The primary capacity-building priority of the Museum of Art’s leadership is to stay mission-focused while motivating the existing audience—and inspiring new community members—to become more engaged in the enjoyment and financial support of the organization. At the same time, the board and staff must continue building the Museum’s unrestricted operating reserve. Because there is little flexibility to cut expenses any further, or to generate surpluses from its earned revenue alone, the Museum’s leadership knows it must explore new ways to achieve any fund raising success.
Deepening the engagement of existing and new audiences will lead over time to more memberships and donations. Thoughtful planning and program design are required. Marketing and audience data and analysis tools are needed to achieve these priorities.
An existing revenue stream, co-mingled within event and donation income, consists of business and community sponsorships, both cash and in-kind. The Museum wants to increase this revenue source; it aligns with the Museum’s mission, offering not only financial support but also satellite exhibit and co-marketing opportunities that reach different audience segments.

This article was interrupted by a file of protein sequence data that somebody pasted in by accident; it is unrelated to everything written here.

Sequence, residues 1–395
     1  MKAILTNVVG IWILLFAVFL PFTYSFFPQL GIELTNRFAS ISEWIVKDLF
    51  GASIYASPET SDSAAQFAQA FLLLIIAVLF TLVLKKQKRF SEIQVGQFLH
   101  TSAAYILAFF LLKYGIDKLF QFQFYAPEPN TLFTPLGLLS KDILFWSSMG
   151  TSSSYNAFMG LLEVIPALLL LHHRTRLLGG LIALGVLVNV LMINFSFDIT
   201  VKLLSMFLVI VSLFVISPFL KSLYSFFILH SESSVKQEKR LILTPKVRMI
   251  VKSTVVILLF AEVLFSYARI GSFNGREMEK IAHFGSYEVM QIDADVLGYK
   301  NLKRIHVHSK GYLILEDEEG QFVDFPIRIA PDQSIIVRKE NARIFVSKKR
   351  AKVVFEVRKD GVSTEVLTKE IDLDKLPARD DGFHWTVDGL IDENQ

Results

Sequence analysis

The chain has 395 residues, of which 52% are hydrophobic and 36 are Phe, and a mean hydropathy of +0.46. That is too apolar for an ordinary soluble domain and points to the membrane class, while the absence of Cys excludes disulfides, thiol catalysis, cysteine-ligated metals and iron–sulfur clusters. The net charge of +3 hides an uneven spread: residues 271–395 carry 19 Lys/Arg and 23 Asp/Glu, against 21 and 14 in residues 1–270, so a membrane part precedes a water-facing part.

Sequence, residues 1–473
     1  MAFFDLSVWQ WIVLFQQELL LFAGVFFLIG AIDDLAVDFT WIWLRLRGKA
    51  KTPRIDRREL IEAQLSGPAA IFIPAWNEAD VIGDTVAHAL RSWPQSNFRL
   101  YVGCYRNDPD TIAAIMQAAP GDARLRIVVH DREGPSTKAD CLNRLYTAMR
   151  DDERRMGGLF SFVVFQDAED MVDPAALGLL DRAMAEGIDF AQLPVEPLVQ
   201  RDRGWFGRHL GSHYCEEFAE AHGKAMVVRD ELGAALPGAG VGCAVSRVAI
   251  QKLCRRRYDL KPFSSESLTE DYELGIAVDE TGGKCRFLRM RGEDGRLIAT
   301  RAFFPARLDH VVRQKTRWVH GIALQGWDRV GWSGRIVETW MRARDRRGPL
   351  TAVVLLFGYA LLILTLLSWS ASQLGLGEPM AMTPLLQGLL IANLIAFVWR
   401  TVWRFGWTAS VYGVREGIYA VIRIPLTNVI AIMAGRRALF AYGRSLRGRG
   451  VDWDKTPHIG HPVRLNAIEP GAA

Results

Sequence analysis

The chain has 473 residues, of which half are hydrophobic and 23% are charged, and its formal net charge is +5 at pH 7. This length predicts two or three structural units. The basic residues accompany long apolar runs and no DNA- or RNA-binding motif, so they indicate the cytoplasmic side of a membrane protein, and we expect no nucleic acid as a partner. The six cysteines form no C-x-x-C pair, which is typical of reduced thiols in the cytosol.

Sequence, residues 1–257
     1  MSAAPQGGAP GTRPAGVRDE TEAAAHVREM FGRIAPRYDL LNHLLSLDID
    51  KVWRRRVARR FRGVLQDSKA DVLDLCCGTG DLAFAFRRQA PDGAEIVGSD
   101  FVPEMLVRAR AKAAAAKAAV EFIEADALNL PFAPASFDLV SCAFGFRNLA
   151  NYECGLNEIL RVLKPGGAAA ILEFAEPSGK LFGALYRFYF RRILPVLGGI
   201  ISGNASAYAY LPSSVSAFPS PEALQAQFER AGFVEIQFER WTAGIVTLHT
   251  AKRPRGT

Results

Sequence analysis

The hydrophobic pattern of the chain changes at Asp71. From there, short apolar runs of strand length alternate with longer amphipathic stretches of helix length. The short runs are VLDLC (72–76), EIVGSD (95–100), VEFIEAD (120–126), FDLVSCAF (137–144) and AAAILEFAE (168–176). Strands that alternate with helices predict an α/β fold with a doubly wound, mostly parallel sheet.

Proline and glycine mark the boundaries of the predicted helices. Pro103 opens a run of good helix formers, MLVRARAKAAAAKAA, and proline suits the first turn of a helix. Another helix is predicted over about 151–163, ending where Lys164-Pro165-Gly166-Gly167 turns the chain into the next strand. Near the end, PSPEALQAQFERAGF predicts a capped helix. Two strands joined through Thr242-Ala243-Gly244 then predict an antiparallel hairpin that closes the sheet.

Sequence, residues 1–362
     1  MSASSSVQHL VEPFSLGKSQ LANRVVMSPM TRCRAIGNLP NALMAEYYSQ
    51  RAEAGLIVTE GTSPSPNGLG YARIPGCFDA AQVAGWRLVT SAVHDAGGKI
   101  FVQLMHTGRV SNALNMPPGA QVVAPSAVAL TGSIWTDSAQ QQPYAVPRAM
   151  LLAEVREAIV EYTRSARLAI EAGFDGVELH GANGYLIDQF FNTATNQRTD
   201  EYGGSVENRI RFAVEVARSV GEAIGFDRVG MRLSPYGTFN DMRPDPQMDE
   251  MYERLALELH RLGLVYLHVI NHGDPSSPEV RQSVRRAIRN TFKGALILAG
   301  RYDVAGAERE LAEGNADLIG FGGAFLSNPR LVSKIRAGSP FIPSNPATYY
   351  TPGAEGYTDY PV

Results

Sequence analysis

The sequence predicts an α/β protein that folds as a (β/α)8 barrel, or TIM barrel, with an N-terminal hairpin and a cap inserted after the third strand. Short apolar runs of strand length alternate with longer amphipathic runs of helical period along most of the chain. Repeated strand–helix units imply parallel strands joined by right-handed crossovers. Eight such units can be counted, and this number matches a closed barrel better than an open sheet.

The Museum’s recently completed marketing plan, funded by the current ARI grant, defined a new brand and strategy for a marketing campaign, and that campaign is just beginning to bear fruit. To achieve maximum involvement by the community, both creatively and financially, this capacity building area requires more audience information and development work. The Museum must gather information from the wider community, evaluate visitor impact of exhibits, study economic data, and analyze data gathered from the new website and database. These activities require staff and docent training in evaluation methods, and, for exhibits, planning that includes techniques for assessing impact of exhibits and marketing efforts. The Museum can maintain a successful marketing campaign after doing some much-needed statistical analysis of the community and learning about successful marketing platforms and trends. This next phase of capacity building is practical, economical and realistic. It will give the Museum of Art’s leadership the analytical tools to create more targeted programming and increase net revenue.